As McAfee's Willis and Wade ruling underscores, under Georgia law, a disqualifying conflict of interest occurs only when a relationship means that a prosecutor would have a motivation to seek a conviction that conflicts with the prosecutor's duty to seek justice. In previous cases, Georgia courts have clearly rejected that romantic relationships between attorneys were ever a basis for disqualification.

The defense alleged that Willis and Wade hatched an improper scheme in which Wade used his substantial government compensation to provide Willis with travel and other financial benefits.

Relying largely on Willis' testimony, McAfee concluded that “the evidence demonstrated that the financial gain resulting from her relationship with Wade was not a motivating factor for the district attorney to charge and prosecute this case.” He also found that the defendants “failed to establish that the District Attorney's conduct influenced or influenced the case to the detriment of the defendants.”

McAfee was also correct in saying that the weight of evidence did not conclusively prove that the relationship between Willis and Wade began before Wade was hired – contrary to the defense's claims that the prosecutor hired her boyfriend, thus refuting the Theory that she had done this to help her romantic partner.

Additionally, it is not uncommon in Georgia for private attorneys to be hired to supplement state resources, and McAfee noted that the $250 hourly rate paid to Wade was a “relatively low amount.” Likewise, any trips Willis and Wade took together do not constitute a conflict of interest because, like Wade's compensation, they had no impact on Trump's prosecution.

McAfee found that Willis and Wade's testimony that they shared expenses for these trips was “corroborated by other evidence” and “was not so unbelievable as to be inherently implausible.” During her testimony, Willis had stated that there was no written record of how she split the costs with Wade, as it was her habit to pay with cash. For us, her explanation was credible and particularly convincing. Authors include children and grandchildren of Holocaust survivors. Our families had large reserves of cash and often used it to pay for things, a practice that grew out of their historical experience.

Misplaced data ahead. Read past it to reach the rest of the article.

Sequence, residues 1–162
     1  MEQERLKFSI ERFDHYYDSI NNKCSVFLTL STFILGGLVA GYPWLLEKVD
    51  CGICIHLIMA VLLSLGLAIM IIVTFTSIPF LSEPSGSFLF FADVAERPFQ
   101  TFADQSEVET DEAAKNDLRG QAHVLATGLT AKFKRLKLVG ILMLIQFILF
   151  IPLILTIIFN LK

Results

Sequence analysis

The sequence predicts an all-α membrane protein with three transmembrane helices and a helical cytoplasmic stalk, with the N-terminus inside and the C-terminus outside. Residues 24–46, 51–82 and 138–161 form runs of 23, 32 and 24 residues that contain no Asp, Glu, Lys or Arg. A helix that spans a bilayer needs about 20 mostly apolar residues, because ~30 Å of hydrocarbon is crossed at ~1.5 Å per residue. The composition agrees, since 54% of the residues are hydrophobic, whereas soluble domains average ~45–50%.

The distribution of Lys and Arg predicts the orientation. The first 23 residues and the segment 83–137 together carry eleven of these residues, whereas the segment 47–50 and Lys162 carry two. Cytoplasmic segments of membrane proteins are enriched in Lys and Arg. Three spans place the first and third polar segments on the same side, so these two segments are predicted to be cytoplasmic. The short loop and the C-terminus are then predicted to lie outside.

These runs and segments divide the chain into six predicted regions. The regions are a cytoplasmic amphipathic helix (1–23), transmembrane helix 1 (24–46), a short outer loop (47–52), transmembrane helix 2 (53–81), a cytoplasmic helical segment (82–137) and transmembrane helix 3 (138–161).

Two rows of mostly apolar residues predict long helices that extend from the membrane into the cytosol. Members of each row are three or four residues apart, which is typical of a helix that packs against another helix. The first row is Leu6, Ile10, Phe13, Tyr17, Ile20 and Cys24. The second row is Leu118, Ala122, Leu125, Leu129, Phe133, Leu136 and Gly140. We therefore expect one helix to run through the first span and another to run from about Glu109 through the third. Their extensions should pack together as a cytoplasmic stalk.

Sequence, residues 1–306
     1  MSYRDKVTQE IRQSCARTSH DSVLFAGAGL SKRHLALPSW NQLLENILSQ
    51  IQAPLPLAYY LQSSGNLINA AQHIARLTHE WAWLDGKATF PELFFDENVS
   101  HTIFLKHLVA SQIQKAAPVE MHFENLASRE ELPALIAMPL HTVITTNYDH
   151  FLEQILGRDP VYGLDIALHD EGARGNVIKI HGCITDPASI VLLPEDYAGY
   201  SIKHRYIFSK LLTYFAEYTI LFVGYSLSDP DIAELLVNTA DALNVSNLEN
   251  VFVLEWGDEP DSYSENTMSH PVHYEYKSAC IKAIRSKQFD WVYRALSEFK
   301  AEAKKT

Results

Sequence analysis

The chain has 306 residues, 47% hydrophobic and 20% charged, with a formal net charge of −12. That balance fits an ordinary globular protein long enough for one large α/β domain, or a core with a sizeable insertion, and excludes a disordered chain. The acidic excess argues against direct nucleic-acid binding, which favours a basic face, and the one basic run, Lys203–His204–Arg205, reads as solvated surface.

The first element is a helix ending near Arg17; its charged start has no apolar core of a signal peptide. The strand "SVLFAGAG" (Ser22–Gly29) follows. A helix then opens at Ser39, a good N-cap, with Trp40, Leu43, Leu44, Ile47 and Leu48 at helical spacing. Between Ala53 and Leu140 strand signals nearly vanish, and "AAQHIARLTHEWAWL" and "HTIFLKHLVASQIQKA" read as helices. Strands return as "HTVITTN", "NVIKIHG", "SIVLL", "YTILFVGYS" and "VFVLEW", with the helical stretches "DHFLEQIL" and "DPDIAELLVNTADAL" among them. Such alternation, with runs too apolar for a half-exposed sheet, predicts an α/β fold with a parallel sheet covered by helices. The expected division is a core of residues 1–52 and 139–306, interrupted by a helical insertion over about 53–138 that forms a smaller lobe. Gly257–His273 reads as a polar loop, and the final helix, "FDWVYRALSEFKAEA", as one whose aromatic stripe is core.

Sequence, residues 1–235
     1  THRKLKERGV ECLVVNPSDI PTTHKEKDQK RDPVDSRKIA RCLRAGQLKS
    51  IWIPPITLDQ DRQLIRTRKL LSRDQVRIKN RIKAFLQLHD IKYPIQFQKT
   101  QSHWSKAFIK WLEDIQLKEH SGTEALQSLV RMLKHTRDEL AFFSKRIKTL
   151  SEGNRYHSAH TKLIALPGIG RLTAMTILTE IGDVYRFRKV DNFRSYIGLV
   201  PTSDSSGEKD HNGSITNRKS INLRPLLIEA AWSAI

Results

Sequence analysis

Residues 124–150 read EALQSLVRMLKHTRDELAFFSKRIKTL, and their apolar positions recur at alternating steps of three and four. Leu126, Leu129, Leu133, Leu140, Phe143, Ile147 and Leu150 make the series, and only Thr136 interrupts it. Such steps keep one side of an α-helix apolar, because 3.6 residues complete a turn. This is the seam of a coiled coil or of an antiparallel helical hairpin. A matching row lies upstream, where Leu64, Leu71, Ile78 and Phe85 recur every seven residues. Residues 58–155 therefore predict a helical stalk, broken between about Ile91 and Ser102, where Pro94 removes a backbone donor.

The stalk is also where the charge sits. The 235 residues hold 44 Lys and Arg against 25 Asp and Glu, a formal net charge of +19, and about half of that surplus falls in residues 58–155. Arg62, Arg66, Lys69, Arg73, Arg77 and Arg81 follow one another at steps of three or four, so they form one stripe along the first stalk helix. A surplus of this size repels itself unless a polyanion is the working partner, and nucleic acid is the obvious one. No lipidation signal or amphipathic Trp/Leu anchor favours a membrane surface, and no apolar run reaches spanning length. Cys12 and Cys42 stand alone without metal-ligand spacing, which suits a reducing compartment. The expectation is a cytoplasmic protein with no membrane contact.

Elijah Nouvelage/Pool/Getty Images

Special prosecutor Nathan Wade speaks during a hearing on former President Donald Trump's motion in the election interference case Jan. 12 at the Lewis R. Slaton Courthouse in Atlanta.

But the lack of any legal grounds for disqualification is hardly a free pass for Willis or Wade. McAfee recognized that “there are reasonable questions about whether the district attorney and her hand-picked leader are SADA.” [Wade] They testified untruthfully about the timing of their relationship, supporting the finding that there was an appearance of impropriety.”

The appearance of impropriety could jeopardize “confidence in the legal system itself,” he noted, and could lead the public to mistakenly but “reasonably believe that the District Attorney's Office is not exercising its independent professional judgment completely free from any compromising influences.” Although we disagree with the judge on this point, it was the right move for Wade to quickly resign.

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It is urgent that the trial is started quickly. The case need not be delayed by Wade leaving the team – the very capable group of assistant district attorneys and other prosecutors who have long worked on this case can continue their work. The indictment in Fulton County is critical to adjudicating allegations surrounding the 2020 election – allegations that go to the heart of our democracy and abuse of power. Therefore, the process must begin as soon as possible so that voters are aware of Trump's role before they cast their ballot again in a presidential election in which he is on the ballot.

This article has been updated with the latest news developments.